Alcohol use, particularly among those in the criminal justice system, imposes tremendous costs on individuals and society. Policymakers are searching for ways to mitigate the threat alcohol poses to public health and safety even as budgetary pressures force them to consider keeping low-level offenders with alcohol problems in the community rather than incarcerated. With more than 5 million individuals under community supervision, even small reductions in alcohol consumption among this population can improve public health and public safety. This study proposes a rigorous evaluation of a large-scale and innovative program in South Dakota that has received significant attention as a successful approach to reducing alcohol consumption in community corrections settings. South Dakota's 24/7 Sobriety Program (24/7) requires that offenders submit to breathalyzer tests twice per day. Those testing positive or missing a test face an immediate, but brief, jail term. Since 2005 there have been more than 13,000 participants and our calculations suggest participation rates of at least 5% among all males aged 22-40. While 24/7 is touted as a national model and is being considered and adopted in other states, there is no peer-reviewed scientific evidence of its effectiveness or cost-effectiveness. Our proposed evaluation of 24/7 is innovative in its methods, access to data, and scope. The quasi- experimental approach, which exploits the staggered implementation of 24/7 across counties and offender types, is necessary to evaluate the large-scale implementation in the absence of random assignment. The evaluation is also strengthened by exceptional access to data on participants and non-participants and by the broader incident-level data on alcohol-related harms in the community.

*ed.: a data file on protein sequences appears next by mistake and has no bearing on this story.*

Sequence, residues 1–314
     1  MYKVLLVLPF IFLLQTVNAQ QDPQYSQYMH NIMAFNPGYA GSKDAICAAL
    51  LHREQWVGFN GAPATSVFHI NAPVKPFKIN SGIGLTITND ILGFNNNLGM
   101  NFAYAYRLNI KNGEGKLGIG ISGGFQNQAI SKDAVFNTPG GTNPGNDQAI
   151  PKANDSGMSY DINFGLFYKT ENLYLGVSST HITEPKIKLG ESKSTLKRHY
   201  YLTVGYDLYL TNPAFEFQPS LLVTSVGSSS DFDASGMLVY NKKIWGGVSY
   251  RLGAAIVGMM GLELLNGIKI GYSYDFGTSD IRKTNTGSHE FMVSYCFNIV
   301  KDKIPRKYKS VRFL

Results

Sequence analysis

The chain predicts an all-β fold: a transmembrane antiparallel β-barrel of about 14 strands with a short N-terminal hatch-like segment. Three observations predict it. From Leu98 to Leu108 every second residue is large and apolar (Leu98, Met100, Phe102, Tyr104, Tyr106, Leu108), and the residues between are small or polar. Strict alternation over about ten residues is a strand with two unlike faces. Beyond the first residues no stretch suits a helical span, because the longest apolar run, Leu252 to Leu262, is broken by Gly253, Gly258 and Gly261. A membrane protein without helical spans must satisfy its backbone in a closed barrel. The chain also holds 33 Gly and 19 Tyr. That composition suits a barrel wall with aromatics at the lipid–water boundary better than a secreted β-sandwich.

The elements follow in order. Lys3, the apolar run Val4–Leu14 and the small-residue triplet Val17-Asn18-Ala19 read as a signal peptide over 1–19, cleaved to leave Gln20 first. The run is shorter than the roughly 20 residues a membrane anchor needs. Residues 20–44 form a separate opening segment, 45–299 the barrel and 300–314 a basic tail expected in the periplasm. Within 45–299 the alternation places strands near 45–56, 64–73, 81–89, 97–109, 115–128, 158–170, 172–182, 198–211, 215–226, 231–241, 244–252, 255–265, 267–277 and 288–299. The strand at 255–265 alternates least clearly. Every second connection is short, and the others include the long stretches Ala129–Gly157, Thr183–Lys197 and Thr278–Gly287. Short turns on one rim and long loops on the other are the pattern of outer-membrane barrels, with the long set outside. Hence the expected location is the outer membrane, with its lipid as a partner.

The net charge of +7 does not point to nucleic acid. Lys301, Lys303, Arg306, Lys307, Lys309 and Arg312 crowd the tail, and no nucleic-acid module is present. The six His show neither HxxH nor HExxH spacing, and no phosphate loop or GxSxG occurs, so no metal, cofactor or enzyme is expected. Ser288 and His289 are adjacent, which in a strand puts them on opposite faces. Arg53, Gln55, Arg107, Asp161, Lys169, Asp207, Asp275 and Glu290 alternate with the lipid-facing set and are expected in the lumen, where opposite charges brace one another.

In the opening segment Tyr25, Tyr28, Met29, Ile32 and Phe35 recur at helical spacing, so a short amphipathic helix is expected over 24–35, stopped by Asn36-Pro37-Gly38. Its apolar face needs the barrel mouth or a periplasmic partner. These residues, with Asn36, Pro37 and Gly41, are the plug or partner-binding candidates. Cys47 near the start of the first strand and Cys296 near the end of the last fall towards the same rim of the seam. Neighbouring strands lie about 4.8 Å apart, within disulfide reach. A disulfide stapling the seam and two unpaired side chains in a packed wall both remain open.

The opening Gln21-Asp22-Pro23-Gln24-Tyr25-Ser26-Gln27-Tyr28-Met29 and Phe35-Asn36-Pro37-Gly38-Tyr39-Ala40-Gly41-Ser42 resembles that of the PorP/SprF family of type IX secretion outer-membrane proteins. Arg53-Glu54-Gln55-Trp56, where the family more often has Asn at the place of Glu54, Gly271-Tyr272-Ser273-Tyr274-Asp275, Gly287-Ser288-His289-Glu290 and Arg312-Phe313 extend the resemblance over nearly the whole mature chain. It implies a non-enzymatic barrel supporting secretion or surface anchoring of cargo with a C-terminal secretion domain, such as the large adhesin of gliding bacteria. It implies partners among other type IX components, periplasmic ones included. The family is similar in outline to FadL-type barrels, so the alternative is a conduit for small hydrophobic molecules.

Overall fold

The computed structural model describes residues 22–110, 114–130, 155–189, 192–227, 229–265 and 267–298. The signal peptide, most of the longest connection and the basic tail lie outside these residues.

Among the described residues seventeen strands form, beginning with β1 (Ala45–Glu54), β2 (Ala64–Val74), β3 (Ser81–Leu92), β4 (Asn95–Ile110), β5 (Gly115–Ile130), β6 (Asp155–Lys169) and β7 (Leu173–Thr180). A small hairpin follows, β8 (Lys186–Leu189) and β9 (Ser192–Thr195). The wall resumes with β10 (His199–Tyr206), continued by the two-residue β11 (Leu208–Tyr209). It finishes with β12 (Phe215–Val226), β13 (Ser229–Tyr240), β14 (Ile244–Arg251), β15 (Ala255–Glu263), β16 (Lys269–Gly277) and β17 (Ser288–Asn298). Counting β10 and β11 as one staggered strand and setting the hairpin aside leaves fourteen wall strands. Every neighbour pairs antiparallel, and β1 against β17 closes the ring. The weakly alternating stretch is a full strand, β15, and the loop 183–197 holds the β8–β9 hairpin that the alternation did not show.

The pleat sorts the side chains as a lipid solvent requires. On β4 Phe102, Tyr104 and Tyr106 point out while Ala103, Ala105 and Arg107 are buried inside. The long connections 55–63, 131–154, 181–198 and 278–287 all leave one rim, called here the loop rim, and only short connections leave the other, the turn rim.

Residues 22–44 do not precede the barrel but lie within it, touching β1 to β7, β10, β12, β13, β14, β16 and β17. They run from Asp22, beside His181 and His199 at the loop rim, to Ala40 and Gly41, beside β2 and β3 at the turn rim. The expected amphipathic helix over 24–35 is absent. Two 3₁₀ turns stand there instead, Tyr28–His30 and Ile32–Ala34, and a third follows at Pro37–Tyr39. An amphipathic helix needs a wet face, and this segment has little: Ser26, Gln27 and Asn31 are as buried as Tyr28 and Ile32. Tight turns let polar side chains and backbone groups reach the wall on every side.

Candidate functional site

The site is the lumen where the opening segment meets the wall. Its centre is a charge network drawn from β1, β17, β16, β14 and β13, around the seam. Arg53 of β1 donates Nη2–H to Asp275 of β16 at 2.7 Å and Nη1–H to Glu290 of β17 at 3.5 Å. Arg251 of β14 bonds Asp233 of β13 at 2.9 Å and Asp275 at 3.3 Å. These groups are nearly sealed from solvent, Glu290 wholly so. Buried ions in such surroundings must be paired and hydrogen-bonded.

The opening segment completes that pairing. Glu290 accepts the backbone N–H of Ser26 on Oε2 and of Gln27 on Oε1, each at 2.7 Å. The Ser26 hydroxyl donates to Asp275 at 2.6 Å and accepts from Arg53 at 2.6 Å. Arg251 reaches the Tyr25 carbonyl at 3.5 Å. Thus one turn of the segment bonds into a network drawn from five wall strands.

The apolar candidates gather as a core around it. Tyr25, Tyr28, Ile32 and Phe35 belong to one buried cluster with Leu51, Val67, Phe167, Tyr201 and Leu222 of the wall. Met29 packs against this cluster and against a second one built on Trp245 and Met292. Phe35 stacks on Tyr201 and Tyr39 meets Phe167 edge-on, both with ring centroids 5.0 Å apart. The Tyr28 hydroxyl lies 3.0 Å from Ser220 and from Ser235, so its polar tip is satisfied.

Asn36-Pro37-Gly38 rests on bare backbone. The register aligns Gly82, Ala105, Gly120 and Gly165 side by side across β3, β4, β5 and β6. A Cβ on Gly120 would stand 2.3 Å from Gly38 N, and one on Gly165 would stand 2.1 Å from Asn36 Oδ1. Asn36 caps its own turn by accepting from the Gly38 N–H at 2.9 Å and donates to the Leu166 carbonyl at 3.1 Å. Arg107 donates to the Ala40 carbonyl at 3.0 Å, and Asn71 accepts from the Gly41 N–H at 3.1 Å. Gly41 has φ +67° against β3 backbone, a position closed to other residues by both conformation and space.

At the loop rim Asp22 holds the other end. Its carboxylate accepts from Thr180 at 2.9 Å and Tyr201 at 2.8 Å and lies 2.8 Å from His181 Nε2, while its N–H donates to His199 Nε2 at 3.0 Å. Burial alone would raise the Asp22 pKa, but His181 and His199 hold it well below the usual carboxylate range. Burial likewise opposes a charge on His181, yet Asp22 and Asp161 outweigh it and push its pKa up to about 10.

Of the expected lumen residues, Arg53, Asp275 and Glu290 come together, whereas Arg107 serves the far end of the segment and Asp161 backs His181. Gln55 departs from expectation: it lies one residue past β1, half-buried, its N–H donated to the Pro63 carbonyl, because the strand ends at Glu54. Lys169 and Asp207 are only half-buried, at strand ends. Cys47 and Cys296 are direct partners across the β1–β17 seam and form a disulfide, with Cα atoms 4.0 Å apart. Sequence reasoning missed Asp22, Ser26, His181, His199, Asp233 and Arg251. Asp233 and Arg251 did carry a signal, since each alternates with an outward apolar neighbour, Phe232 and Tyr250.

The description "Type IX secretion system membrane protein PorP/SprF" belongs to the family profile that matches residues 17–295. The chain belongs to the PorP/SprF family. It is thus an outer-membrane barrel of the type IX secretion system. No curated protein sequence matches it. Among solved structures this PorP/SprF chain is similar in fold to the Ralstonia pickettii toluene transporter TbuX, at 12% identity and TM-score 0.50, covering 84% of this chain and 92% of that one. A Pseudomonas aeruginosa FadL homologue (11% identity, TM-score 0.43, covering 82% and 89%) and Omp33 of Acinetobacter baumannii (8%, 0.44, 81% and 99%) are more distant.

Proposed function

The specific aims are:
Aim 1 : Document the implementation and utilization of 24/7 across counties and offender types.
Aim 2 : Identify predictors of 24/7 program violations among participants.
Aim 3 : Estimate the effect of 24/7 participation on individual-level recidivism outcomes.
Aim 4 : Estimate the effect of 24/7 on health and social outcomes including alcohol-related traffic accidents, hospital admissions, arrests, and reported crimes.
Aim 5 : Monetize the costs and benefits of 24/7. The goal of this study is to provide policymakers and stakeholders within and beyond South Dakota with rigorous evidence regarding 24/7's effectiveness and cost-effectiveness to inform the ongoing policy debate about how to effectively use alcohol testing to reduce alcohol misuse and its consequences. This information is critical as fiscally-constrained states seek to reduce incarceration and effectively manage those with alcohol problems in the community while safeguarding public health and safety.
Policymakers are searching for ways to mitigate the threat alcohol poses to public health and safety even as budgetary pressures force them to consider keeping more low-level offenders with alcohol problems in the community rather than incarcerated. South Dakota's 24/7 Sobriety Program is touted as a national model and is already being considered and adopted in other states, despite the fact that there is no peer-reviewed evaluation demonstrating its effectiveness or cost-effectiveness. The proposed study will provide policymakers and other stakeholders with a rigorous quasi-experimental evaluation of this innovative program to inform the ongoing policy debate about how to effectively use alcohol testing to reduce alcohol misuse and its consequences.
|Kilmer, Beau; Nicosia, Nancy; Heaton, Paul et al. (2013) Efficacy of frequent monitoring with swift, certain, and modest sanctions for violations: insights from South Dakota's 24/7 Sobriety Project. Am J Public Health 103:e37-43|